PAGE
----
Numlock News: March 12, 2019
By Walt Hickey
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Spit Industrial Complex
Lots of companies are trying to sequence your genome for a small up front fee, and potential riches selling that genetic jackpot down the line. But only one company is seriously profiting from selling the pickaxes in this genealogical gold rush, OraSure, which makes most of those plastic tubes that can preserve the samples submitted of genetic sequencers. They made $20 million in profit on $182 million in revenue last year, lots of which was thanks to their patented preservative tubes that can keep samples reliable for over two years at room temperature. Every company except Ancestry uses their tubes, and even Ancestry paid $12.5 million to settle a suit alleging they copied OraSure’s tech. They control at least 90 percent of the market, according to analysts.
Customs agents seized 3,200 pounds of cocaine at Port New York/Newark, the largest cocaine seizure since 1994. The $77 million shipment of blow came on a ship originating from South America, with the shipping manifest claiming the contents were dried fruit. Which is (unless my memory of the cocaine episode of How It’s Made is way off) wrong but not terribly so, as from a certain point of view I believe cocaine is technically a vegetable, right?
Ali Watkins, The New York Times, The Associated Press
Food in prison is designed to keep costs as low as possible while still meeting standards set by the government. The results are fairly disastrous for the health of inmates. Prisoners are 6.4 times as likely to become sick from poisoned or contaminated food than the unincarcerated, and the long-term effects of the sub-par grub on the human body are rough to say the least: 44 percent of state and federal prisoners experience chronic disease compared to 31 percent of the general population. This ends up biting taxpayers back: health care for inmates costs $12.3 billion per year, and there’s abundant evidence that investments in fresh produce while reducing soda consumption seriously improves health outcomes.
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Prime Targets For Disruption
As it stands, Amazon is UPS’ largest customer, and it’s also FedEx’s fourth-largest customer, so the company’s aspirations to do some of its shipping in-house could pose some significant threats to those delivery businesses. UPS gets 1.4 percent of its revenue from Amazon, and FedEx gets 0.26 percent. The peril isn’t so much losing existing business for the pair of shipping companies as much as it is missing out on future revenues from Amazon, which has continually experienced voracious growth and could even pose as a competitor in the future. You know the old saying: if you owe the bank a thousand dollars, you’re in trouble, but if you owe the bank a hundred million dollars, the bank’s in trouble.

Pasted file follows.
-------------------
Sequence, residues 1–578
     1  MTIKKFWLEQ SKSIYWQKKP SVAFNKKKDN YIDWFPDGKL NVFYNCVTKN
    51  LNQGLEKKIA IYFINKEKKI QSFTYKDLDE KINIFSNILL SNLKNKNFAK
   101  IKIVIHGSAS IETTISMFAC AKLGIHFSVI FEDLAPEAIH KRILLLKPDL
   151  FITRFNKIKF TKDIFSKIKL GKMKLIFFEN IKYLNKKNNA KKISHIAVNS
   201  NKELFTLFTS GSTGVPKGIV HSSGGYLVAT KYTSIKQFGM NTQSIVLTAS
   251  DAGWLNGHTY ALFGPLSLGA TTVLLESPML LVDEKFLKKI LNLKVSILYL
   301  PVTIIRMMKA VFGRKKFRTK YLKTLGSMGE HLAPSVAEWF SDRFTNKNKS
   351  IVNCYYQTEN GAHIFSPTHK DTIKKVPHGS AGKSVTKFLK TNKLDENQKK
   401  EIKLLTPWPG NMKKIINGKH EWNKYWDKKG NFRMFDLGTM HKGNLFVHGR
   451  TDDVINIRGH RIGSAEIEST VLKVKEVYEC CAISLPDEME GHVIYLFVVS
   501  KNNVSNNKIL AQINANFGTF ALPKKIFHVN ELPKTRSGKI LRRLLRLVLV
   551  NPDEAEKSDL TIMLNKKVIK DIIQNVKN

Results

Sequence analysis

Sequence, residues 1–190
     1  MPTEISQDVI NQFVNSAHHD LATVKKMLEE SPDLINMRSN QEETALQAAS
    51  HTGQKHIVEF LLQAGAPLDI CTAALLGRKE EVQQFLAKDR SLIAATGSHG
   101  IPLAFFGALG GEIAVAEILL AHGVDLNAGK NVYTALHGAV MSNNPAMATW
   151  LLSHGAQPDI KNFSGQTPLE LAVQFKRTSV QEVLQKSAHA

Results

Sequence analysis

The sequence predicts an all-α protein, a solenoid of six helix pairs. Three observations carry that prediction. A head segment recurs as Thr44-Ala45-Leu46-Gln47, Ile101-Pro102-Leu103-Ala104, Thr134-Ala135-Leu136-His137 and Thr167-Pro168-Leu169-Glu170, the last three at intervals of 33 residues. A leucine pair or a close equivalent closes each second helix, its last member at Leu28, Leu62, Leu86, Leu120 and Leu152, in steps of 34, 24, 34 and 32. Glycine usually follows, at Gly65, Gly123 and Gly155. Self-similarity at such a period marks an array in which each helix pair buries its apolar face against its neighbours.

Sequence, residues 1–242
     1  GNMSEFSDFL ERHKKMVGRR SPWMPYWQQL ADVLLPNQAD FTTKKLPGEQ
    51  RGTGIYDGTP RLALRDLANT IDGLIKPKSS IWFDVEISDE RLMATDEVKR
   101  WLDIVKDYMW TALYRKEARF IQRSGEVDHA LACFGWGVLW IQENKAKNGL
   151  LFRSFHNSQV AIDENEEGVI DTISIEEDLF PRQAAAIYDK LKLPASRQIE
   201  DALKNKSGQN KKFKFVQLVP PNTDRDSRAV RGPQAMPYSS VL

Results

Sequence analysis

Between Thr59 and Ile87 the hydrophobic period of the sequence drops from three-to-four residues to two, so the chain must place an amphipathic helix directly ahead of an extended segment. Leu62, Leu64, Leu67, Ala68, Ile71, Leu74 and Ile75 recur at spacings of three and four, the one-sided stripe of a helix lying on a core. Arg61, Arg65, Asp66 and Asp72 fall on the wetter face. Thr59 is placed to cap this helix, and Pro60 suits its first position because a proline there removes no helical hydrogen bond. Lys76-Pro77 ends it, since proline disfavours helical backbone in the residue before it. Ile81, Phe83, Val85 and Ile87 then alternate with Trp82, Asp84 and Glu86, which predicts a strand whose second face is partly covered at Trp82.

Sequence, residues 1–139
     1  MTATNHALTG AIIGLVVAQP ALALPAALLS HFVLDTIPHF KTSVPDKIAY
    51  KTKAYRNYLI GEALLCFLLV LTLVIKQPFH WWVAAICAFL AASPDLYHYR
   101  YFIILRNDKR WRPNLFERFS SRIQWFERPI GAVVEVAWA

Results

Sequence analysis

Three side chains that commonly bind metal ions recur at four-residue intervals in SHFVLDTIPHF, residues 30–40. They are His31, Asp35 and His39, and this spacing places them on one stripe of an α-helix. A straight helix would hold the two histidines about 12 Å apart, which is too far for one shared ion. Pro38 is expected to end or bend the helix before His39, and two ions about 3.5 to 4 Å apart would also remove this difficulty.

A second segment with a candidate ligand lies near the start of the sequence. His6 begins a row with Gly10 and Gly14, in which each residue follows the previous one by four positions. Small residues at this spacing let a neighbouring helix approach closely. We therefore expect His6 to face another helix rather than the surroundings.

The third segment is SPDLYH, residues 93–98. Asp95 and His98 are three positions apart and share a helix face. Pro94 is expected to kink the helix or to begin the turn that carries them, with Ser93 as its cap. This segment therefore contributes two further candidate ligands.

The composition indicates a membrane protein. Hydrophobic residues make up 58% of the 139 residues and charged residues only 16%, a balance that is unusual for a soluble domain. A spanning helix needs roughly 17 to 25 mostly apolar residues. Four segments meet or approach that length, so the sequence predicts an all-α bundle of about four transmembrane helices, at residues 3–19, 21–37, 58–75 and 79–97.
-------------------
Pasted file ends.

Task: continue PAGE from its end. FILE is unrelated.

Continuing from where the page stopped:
The maker of LaCroix had a bit of a rough quarter, with National Beverage’s profit falling 39.6 percent and its revenue down 2.9 percent. The shall-we-say eclectic 82-year-old billionaire who owns 73.5 percent of the company’s shares and is also CEO didn’t handle the subsequent 16 percent share dip all that well, suggesting that one reason for the rough quarter was “injustice” rather than other companies realizing how easy it was to can water, bubbles and flavors.
Leaving the Public Square
Mark Zuckerberg announced his intention to make Facebook more focused on interpersonal connections rather than serving as the public square for the internet, which is pretty convenient timing. The reality is that Edison Research estimated Facebook has 15 million fewer American users than it did in 2017. A quarter of respondents told Pew that they deleted the app last year, and U.S. users over 18 spent 10 percent less time on Facebook in October 2018 than they did in October 2017. Well, why don’t you ask Tom what it feels like to be on that side of the growth curve.
Elizabeth Dwoskin, The Washington Post
The 1970s detective series Columbo earned over $600 million in revenue during its life cycle, which I assume will resume when an inevitable remake starring Ryan Reynolds happens. But the co-creators (and their heirs) launched a suit claiming Universal City Studios underpaid them thanks to “Hollywood accounting,” and an L.A. jury decided we get to hear them out. The suit says that Link and Levinson were entitled to a cut of the net profits, but Universal finagled the math so that there was no actual profit booked on the show until 2016, when it made $5 million. The plaintiffs are looking for $135 million in damages, claiming that Universal did its best to make it seem like (on paper) the show wasn’t breaking even.
Eriq Gardner, The Hollywood Reporter
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